Author: Ferguson, Donald
Publisher: 1st World Publishing
Year Published: 1919
Subcategory: Literary Collections / General
Condition Rating: Slight wear, may have creased spine, folded pages, good-condition ownership stickers
Summary: an excerpt from CHAPTER I. GOOD TIMES COMING:
Hugh looked at the big thermometer alongside the Juggins' front door as he came out, and the mercury was still falling steadily. "It's certainly a whole lot sharper than it was early this morning, Thad. Feels to me as if the first cold wave of the winter had struck Scranton."
"The ice on our flooded baseball field, and that out at Hobson's mill-pond ought to be in great shape after a hard freeze to-night, Hugh."
"We're in luck this time, chum Thad. Look at that sky, will you? Never a cloud in sight, and the sun going down yellow. Deacon Winslow, our reliable old weather prophet blacksmith, who always keeps a goose-bone hanging up in his smithy, to tell what sort of a winter we're going to get, says such a sign stands for cold and clear to-morrow after that kind of a sunset. Red means warmer, you know."
"I only hope it keeps on for forty-eight hours more, that's all I can say, Hugh. This being Thursday, it would fetch us to Saturday. I understand they're not meaning to let a single pair of steel runners on the baseball park, to mark the smooth surface of the new ice, until Saturday morning."
"Which will be a fine thing for our hockey try-out with the scratch Seven, eh, Thad? We want to test our team play before going up against the boys of Keyport High, that's a fact; and Scranton can put up a hard fighting bunch of irregulars. There are some mighty clever hockey players in and out of the high school, who are not on our Seven. I guess there ought to be a pretty lively game on Saturday; and there will be if several fellows I could mention line up against us."
The two boys who had just left the home of a schoolmate named Horatio Juggins were great friends. Although Hugh Morgan had seemed to jump into popular leadership among the boys of Scranton, soon after his folks came to reside in the town, he and Thad Stevens had become almost inseparables. Indeed, some of the fellows often regarded them as "Damon and Pythias," or on occasions it might be "David and Jonathan." Both were of an athletic turn, and took prominent parts in all baseball games, and other strenuous outdoor sports indulged in by the boys of Scranton High; a record of which will be found in the several preceding books of this series, to which the new reader is referred, if he feels any curiosity concerning the earlier doings of this lively bunch. Hugh was cool and calm in times when his chum would show visible signs of great excitement. He had drilled himself to control his temper under provocation, until he felt master of himself.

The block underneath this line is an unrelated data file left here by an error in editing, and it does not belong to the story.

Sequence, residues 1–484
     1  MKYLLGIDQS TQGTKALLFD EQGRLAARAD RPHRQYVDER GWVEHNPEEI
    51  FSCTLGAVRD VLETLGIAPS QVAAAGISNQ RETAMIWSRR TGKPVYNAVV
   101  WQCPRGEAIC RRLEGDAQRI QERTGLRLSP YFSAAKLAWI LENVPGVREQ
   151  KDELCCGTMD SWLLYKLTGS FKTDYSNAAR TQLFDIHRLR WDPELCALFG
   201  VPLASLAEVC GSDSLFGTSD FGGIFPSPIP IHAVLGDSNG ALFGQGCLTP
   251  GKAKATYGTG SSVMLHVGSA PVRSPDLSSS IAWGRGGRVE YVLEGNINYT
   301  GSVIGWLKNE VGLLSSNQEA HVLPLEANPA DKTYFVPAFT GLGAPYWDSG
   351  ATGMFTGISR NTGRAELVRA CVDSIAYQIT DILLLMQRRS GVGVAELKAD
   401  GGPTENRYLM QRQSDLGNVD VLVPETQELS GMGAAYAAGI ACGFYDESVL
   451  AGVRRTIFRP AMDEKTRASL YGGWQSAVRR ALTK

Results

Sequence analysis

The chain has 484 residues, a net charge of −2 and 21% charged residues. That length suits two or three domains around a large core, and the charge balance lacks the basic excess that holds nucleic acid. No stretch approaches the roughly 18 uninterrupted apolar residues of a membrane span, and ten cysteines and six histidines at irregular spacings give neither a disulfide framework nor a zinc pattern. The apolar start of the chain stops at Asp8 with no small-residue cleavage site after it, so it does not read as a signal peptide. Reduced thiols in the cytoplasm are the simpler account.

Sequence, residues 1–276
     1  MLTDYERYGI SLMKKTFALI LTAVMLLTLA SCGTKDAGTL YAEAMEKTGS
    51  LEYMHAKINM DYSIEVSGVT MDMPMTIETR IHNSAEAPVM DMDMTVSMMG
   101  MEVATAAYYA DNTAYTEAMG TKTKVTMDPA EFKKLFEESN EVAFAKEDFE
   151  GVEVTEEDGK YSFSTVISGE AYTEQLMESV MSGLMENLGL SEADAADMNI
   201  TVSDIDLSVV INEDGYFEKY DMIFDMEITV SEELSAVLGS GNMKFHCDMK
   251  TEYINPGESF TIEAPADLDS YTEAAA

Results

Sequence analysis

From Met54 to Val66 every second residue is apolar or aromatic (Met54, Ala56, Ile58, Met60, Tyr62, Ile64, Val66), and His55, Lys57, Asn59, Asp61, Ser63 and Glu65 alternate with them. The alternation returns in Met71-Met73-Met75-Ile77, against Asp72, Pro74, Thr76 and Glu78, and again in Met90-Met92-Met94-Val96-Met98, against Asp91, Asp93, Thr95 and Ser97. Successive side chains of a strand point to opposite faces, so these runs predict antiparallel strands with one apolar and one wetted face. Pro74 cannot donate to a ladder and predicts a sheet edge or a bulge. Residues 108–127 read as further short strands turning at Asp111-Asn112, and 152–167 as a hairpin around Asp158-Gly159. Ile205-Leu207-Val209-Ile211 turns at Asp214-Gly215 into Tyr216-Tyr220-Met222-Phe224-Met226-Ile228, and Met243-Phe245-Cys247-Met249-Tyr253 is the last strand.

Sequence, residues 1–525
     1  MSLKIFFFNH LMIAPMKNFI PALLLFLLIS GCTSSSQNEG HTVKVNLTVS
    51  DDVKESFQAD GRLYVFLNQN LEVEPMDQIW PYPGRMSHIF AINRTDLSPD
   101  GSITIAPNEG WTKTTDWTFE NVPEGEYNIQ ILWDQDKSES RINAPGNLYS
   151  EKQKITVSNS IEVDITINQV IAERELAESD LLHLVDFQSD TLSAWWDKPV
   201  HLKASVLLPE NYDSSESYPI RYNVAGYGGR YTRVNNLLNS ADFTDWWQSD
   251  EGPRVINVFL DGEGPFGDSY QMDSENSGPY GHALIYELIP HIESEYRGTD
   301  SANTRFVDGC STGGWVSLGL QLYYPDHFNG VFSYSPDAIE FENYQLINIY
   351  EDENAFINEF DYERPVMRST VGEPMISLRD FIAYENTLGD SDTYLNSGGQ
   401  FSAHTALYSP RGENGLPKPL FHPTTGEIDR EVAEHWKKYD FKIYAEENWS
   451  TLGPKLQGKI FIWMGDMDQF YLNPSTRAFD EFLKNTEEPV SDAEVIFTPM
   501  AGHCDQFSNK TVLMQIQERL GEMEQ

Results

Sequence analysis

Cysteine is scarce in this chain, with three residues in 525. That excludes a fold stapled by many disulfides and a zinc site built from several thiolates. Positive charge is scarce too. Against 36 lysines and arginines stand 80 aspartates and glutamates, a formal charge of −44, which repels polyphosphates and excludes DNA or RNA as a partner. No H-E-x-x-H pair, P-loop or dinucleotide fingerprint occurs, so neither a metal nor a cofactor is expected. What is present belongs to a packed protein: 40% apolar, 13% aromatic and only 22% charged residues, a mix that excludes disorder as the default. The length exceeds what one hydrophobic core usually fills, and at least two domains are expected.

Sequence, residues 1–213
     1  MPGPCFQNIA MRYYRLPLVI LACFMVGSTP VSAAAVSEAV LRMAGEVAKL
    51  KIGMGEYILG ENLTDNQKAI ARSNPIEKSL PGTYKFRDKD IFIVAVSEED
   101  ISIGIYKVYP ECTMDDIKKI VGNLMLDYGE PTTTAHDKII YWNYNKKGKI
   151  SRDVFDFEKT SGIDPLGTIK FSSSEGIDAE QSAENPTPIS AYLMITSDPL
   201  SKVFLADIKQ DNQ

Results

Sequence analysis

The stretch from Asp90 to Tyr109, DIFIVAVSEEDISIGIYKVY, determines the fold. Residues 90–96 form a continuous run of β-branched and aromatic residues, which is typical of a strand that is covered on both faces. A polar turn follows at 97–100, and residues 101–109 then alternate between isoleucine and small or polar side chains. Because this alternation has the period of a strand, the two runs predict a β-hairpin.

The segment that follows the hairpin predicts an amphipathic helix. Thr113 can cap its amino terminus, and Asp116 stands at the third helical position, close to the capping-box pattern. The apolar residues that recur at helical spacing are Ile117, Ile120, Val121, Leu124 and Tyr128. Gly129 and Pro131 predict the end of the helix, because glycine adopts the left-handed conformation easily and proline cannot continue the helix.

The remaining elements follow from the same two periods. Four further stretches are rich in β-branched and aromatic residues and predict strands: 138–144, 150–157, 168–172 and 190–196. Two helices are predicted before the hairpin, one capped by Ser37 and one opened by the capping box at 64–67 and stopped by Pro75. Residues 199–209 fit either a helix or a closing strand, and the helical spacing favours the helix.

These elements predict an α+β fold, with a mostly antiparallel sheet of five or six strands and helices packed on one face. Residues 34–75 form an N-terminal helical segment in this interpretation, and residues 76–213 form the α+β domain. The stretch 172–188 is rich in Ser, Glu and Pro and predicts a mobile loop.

It was the 10th of January, and thus far the opportunities for skating that had come to the young people of that section of country where Scranton was located, had been almost nil; which would account for the enthusiasm of the lads when Thad announced how rapidly the thermometer was giving promise of a severe cold spell. Scranton had two keen rivals for athletic honors. Allandale and Belleville High fellows had given them a hard run of it before they carried off the championship pennant of the county in baseball the preceding summer. Then, in the late fall, there had been a wonderfully successful athletic tournament, inaugurated to celebrate the enclosing of the grounds outside Scranton with a high board-fence, and the building of a splendid grandstand, as well as rooms where the athletic participants in sports might dress in comfort. With the coming of winter the big field thus enclosed had been properly flooded, so that it might afford a vast amount of healthy recreation to all Scranton boys and girls who loved to skate.
In Store Location: Bookcase 9 - Children's 1,